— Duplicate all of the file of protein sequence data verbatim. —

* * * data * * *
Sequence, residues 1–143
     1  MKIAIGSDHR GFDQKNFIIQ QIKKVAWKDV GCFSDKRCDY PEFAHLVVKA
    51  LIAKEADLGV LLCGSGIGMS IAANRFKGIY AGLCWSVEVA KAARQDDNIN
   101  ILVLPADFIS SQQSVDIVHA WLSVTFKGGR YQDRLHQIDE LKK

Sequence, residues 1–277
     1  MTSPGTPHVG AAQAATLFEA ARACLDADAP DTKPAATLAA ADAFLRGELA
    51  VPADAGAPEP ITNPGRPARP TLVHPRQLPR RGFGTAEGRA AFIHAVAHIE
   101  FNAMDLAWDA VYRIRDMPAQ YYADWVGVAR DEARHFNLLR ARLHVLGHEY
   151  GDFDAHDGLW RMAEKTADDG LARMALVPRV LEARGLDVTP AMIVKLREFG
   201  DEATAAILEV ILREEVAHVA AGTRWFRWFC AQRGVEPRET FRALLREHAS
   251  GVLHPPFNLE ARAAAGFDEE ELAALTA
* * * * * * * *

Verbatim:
Sequence, residues 1–143
     1  MKIAIGSDHR GFDQKNFIIQ QIKKVAWKDV GCFSDKRCDY PEFAHLVVKA
    51  LIAKEADLGV LLCGSGIGMS IAANRFKGIY AGLCWSVEVA KAARQDDNIN
   101  ILVLPADFIS SQQSVDIVHA WLSVTFKGGR YQDRLHQIDE LKK

Sequence, residues 1–277
     1  MTSPGTPHVG AAQAATLFEA ARACLDADAP DTKPAATLAA ADAFLRGELA
    51  VPADAGAPEP ITNPGRPARP TLVHPRQLPR RGFGTAEGRA AFIHAVAHIE
   101  FNAMDLAWDA VYRIRDMPAQ YYADWVGVAR DEARHFNLLR ARLHVLGHEY
   151  GDFDAHDGLW RMAEKTADDG LARMALVPRV LEARGLDVTP AMIVKLREFG
   201  DEATAAILEV ILREEVAHVA AGTRWFRWFC AQRGVEPRET FRALLREHAS
   251  GVLHPPFNLE ARAAAGFDEE ELAALTA